Blue lives do exist, it’s called white supremacy

Friday, October 2, 2020

Graphic: Jolie Brownell
Blue Lives Do Exist, It’s Called White Supremacy

By Jolie Brownell

We chant: “BLACK LIVES MATTER.” They say, “no, ALL lives matter.” We say: “ABOLISH the police.” They say, “but wait, BLUE lives matter.” Perplexed, we respond: “No, blue lives don’t exist, that’s a job, not a life.” But I want to stop you there, because when we say that “blue lives do not exist” we are actually watering down and erasing the history of racial policing in the US.

To Be White is to Be a Cop

Blue lives, used here as an analogue to Black lives to mean “the lives of police,” do, in fact, exist. And no, I’m not talking about the Smurfs. 

It’s the early to mid-eighteenth century. US colonies are kidnapping, bringing over, and enslaving more Africans, thus increasing the Black slave population. This population increase causes paranoia, “suspicion and fear” among white people. To curb this fear of being overpopulated or overthrown by slaves, many colonies, Virginia being the first, institutionalize slave codes that instill racist laws around the rights—or lack of rights—of enslaved individuals and the rights of their slave masters. These codes, in essence, grant white slave owners complete control over slaves including “corporal punishment.” 

Slave patrols are the very root of today’s policing. During this time, slave patrols, a militia of mostly white men, were the ones who enforced these slave codes. The first patrols were formed in the Carolina colonies in 1704 and consisted of white people catching and punishing runaway slaves and committing other racist atrocities. In the eighteenth-century United States, to be white was to be given complete control over Black lives. To be white, was to be a cop. 

First Came the Right to Police, Then Came the Badge

The key point here is the fact that white people were given the right, institutionally sanctioned permission, to police Black bodies before there ever was an actual badge or “job” per se. 

In their new book, Stamped: Racism, Antiracism, and You, award-winning authors, activists and race scholars Jason Reynolds and Ibram X. Kendi expand on this. In the chapter “A Different Adam,” they hit on another fear of the white elite: the fear of poor whites and enslaved Black people uniting and working together to overthrow them. Reynolds writes:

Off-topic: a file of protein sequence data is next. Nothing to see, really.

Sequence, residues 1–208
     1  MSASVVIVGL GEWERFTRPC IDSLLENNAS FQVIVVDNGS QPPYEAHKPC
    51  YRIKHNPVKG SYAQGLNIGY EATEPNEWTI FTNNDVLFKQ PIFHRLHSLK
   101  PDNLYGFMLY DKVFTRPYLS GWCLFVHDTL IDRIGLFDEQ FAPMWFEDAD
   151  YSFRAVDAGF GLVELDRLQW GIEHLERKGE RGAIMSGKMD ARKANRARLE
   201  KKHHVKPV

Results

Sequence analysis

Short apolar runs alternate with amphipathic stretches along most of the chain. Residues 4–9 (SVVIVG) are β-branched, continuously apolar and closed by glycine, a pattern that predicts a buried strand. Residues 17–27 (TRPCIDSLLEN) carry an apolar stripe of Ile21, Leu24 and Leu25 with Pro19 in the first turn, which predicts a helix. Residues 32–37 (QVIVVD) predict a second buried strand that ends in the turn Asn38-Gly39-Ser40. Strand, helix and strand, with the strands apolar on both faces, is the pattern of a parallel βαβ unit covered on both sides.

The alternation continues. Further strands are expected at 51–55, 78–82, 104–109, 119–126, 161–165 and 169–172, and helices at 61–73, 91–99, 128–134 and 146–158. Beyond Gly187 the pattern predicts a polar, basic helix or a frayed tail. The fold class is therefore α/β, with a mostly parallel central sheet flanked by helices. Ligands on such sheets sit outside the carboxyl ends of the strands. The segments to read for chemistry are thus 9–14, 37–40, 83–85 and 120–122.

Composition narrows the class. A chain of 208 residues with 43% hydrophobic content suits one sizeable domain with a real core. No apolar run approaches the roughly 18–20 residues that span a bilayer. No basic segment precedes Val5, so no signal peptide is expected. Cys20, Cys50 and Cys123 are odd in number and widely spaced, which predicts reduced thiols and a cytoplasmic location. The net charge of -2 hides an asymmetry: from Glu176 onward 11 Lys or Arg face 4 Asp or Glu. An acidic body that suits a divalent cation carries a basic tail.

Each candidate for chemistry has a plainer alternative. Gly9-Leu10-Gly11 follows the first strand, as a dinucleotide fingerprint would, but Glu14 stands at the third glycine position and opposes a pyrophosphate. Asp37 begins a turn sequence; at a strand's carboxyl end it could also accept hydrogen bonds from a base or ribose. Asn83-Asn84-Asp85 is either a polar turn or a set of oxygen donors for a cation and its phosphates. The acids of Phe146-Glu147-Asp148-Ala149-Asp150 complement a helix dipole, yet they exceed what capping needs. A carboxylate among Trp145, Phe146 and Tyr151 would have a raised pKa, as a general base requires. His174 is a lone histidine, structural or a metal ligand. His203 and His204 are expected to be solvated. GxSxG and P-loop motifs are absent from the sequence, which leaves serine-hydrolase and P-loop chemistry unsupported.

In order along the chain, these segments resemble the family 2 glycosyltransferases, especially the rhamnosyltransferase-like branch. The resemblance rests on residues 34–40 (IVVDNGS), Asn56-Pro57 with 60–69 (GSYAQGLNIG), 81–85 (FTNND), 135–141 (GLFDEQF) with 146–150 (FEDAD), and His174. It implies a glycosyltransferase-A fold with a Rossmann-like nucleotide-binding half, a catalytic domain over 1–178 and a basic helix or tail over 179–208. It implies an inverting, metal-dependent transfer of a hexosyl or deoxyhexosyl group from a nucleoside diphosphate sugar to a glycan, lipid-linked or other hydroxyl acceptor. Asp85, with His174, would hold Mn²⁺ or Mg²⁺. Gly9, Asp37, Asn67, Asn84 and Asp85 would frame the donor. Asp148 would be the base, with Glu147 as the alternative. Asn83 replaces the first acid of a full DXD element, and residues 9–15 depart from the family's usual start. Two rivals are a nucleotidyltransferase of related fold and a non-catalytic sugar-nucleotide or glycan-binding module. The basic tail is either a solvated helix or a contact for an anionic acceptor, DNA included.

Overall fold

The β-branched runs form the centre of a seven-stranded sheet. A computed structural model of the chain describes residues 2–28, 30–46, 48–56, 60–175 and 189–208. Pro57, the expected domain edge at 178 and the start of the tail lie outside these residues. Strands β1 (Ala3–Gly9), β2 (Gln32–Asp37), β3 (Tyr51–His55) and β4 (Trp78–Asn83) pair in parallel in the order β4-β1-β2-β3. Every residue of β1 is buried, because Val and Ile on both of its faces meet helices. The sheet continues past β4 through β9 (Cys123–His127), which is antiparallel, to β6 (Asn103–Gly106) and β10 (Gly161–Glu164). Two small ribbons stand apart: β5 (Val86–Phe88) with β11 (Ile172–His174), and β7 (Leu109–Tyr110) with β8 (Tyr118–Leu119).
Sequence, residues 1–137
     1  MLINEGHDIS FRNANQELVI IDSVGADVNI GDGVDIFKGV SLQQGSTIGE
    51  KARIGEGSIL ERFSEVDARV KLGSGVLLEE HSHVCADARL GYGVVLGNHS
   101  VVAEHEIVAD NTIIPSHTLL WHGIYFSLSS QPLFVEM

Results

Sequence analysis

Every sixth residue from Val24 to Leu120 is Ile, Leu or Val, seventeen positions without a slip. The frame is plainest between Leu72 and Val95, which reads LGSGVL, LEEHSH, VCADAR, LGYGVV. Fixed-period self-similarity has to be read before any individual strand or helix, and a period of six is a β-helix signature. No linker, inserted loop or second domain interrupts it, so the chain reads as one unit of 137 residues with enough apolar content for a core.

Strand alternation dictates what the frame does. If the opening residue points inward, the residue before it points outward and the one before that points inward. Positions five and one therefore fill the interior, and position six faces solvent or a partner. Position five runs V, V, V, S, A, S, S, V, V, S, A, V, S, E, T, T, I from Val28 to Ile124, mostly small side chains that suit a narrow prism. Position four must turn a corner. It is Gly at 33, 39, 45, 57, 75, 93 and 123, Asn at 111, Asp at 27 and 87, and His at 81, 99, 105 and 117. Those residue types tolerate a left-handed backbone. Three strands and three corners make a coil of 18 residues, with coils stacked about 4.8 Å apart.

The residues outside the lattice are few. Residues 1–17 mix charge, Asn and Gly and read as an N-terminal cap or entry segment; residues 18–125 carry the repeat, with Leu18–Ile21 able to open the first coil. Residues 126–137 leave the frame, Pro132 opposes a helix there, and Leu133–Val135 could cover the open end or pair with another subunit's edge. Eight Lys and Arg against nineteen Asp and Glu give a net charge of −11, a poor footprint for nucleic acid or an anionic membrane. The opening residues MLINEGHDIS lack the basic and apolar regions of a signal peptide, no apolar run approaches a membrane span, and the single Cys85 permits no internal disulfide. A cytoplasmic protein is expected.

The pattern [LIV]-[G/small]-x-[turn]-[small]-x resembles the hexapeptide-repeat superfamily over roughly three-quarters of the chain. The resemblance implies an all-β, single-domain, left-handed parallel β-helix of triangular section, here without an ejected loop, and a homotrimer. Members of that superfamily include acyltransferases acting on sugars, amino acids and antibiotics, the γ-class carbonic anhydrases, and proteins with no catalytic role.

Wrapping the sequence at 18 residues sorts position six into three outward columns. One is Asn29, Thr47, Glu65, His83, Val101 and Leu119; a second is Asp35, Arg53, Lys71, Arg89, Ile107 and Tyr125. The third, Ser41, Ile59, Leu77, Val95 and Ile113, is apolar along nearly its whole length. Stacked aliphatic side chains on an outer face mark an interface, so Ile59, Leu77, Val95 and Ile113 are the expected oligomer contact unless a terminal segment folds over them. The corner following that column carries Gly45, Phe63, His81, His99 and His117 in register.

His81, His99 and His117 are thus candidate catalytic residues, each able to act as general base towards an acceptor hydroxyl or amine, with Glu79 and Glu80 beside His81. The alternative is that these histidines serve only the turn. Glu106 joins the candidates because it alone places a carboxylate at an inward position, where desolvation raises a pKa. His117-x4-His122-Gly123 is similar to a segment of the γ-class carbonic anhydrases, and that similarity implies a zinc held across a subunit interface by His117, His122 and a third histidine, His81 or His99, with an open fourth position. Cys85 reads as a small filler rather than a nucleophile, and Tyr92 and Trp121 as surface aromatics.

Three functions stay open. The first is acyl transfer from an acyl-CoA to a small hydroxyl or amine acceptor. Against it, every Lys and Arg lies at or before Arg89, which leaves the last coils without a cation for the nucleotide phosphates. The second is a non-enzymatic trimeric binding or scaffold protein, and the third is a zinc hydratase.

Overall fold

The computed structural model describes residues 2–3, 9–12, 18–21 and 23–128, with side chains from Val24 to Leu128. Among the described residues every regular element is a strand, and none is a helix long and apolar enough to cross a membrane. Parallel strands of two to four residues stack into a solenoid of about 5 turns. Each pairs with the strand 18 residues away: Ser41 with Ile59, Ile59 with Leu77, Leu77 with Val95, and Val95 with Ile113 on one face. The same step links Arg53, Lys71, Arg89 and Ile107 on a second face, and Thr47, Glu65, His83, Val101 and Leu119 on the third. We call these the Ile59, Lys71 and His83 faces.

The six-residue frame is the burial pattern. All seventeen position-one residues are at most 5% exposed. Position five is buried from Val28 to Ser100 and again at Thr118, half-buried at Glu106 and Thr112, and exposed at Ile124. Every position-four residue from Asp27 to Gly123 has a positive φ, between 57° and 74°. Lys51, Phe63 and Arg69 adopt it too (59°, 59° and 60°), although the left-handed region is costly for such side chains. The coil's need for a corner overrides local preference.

They “knew if Blacks and Whites joined forces, [they’d] be done. Everything would be done. It would’ve been an apocalypse. So, [they] had to devise a way to turn poor whites and poor Blacks against each other, so that they’d be forever separated and unwilling to join hands and raise fists against the elite. And the way [they] did this was by creating (wait for it…) White privileges” (26-27).

Reynolds then explains how this white right to police Black bodies was one of the first cases of this white privilege:

“So White privileges were created, and, at this time, they included: 

  1. Only the white rebels were pardoned; legislators prescribed thirty lashes for any slave who lifted a hand ‘against any Christian’ (Christian now meant White). 

  2. All whites now wielded absolute power to abuse any African person. These are the two most important ones - poor whites wouldn’t be punished, but they could surely do the punishing.” 

Therefore, to be born white was to be given absolute power over Black bodies. To be born white was to essentially be given the birthright to police Black bodies. Again, to be white was to be a cop before there ever was a badge.

Does This Mean That Blue Lives Do, In Fact, Matter? 

Of course not. Think about it: which “blue lives” are they talking about when they say “blue lives matter”? Do Brown “blue lives” matter? Do Black “blue lives” matter? In the cases of Milton Green, Jemel Roberson, and other Black officers, they clearly do not. Therefore, here, Blue means white “Blue Lives Matter.” White is synonymous to blue. 

Blue Lives Matter, like All Lives Matter, has always been a counter-movement to silence the BLACK LIVES MATTER movement. Blue Lives Matter means white cops matter. That is the heart of this movement: White power matters. White policing of black bodies matter. White supremacy matters. 

This is why to say blue lives do not exist is to leave out the violent history of how white privilege was created in this country. It erases how very much of the creation of “whiteness” was the creation, dehumanization, and policing of “Blackness.”  The creation of whiteness is henceforth, synonymous with the policing of Blackness.

Once Again: Abolish The Police

Getting rid of cops, or heavily defunding and restructuring the entire system of policing, is definitely a goal, but it isn’t the end goal. Under a system of white supremacy, we can get rid of cops and Black and Brown people will still die. Therefore, the end goal is to dismantle the entire system of white supremacy. 

Ridding whiteness of supremacy is the goal. Ridding whiteness from the institutional power to police others is the goal.

This is the opinion of Jolie Brownell, a junior from Portland, OR.

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